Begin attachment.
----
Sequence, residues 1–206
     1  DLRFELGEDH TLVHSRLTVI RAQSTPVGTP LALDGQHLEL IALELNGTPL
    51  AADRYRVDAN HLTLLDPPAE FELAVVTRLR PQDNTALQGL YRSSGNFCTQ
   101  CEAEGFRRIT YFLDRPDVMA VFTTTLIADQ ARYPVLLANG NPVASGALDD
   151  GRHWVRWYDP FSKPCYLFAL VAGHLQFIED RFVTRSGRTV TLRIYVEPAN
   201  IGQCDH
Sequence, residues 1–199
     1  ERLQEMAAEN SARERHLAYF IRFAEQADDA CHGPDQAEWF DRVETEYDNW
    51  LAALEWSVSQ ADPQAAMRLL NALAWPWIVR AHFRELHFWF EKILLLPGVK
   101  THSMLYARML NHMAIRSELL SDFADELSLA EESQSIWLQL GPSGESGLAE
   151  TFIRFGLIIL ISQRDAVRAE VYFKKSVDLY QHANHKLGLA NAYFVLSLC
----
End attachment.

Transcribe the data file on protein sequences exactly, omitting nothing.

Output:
Sequence, residues 1–206
     1  DLRFELGEDH TLVHSRLTVI RAQSTPVGTP LALDGQHLEL IALELNGTPL
    51  AADRYRVDAN HLTLLDPPAE FELAVVTRLR PQDNTALQGL YRSSGNFCTQ
   101  CEAEGFRRIT YFLDRPDVMA VFTTTLIADQ ARYPVLLANG NPVASGALDD
   151  GRHWVRWYDP FSKPCYLFAL VAGHLQFIED RFVTRSGRTV TLRIYVEPAN
   201  IGQCDH
Sequence, residues 1–199
     1  ERLQEMAAEN SARERHLAYF IRFAEQADDA CHGPDQAEWF DRVETEYDNW
    51  LAALEWSVSQ ADPQAAMRLL NALAWPWIVR AHFRELHFWF EKILLLPGVK
   101  THSMLYARML NHMAIRSELL SDFADELSLA EESQSIWLQL GPSGESGLAE
   151  TFIRFGLIIL ISQRDAVRAE VYFKKSVDLY QHANHKLGLA NAYFVLSLC